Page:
If the future of a proposed massive wind turbine project for the Horse Heaven Hills area down to Finley comes to comments from citizens, it won't make it.

During a Tuesday evening meeting at the Benton County Justice Center, numerous adjectives were used by some, calling it among others, "butt ugly."

Scout Energy of Colorado has been pursuing a massive project that would put as many as 235 turbines between Finley and down the spine of the Horse Heaven Hills. Since last October, opposition has been building, especially the group saveourridges.org.

During the meeting last night, it was learned there are two proposals. One would put 244 shorter turbines, about 500 feet tall, the other would have fewer (around 150) but would be 670 feet tall.

Most of the residents and citizens who signed up to speak or comment oppose the project.  Some area union officials and developers believe the project would result in a lot of jobs for the area; but opponents say it would hurt real estate values. Some questioned who would want to buy land or homes in the area if it's developed, with giant turbines everywhere.

Some even quesitioned the night time lighting, as the turbines are required by the FAA to have certain safety lighting for airplanes. They said that many turbines would create an unsightly mass of winking, blinking lights are night, which are often seen for miles.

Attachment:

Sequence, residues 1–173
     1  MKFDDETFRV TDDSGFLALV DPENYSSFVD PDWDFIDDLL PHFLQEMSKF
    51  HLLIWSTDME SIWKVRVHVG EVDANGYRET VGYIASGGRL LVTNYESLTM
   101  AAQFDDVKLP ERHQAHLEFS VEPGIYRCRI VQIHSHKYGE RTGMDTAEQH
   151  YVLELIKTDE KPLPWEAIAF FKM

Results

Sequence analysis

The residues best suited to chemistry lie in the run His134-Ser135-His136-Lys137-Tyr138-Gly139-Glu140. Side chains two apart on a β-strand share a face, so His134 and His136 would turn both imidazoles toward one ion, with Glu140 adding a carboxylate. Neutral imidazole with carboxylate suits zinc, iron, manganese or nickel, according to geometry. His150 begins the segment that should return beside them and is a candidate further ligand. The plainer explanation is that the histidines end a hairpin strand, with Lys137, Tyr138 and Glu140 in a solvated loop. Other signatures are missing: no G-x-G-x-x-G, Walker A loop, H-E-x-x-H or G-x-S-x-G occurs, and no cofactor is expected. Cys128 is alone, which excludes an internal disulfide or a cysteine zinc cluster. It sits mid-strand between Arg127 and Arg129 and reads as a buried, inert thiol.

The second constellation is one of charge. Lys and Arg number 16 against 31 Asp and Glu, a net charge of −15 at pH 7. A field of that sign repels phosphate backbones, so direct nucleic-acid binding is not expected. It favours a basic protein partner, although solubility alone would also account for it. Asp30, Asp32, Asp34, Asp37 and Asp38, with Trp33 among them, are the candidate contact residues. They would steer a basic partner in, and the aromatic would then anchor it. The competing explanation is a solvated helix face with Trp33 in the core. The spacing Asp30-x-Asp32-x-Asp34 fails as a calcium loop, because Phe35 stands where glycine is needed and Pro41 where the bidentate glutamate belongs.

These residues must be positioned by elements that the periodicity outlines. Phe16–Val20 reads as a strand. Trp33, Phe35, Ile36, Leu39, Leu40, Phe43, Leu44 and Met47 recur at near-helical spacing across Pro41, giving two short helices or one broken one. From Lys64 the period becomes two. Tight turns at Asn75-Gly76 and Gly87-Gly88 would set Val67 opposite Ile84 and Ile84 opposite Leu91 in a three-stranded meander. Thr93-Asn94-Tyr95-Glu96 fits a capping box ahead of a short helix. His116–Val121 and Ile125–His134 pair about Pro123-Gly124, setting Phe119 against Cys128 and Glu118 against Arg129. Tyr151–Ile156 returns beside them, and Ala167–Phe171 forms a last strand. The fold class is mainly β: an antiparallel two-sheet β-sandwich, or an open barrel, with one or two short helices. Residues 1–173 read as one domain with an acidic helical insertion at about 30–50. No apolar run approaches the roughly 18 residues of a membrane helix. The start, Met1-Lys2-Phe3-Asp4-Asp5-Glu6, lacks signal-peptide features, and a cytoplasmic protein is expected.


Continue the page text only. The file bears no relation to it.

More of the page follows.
Benton County Commissioners didn't offer an official opinion on the project, but they will not have the final say. That will be up to the  Washington state Energy Facility Site Evaluation Council.

They, and Gov. Jay Inslee, will have the final say on the project. So far it has not formally been permitted or any official development started.

 One of the reasons for so many wind farm projects is because of our 'breezes.' In the meantime, see these weather situations that didn't go so well. 

LOOK: The most expensive weather and climate disasters in recent decades

Stacker ranked the most expensive climate disasters by the billions since 1980 by the total cost of all damages, adjusted for inflation, based on 2021 data from the National Oceanic and Atmospheric Administration (NOAA). The list starts with Hurricane Sally, which caused $7.3 billion in damages in 2020, and ends with a devastating 2005 hurricane that caused $170 billion in damage and killed at least 1,833 people. Keep reading to discover the 50 of the most expensive climate disasters in recent decades in the U.S.

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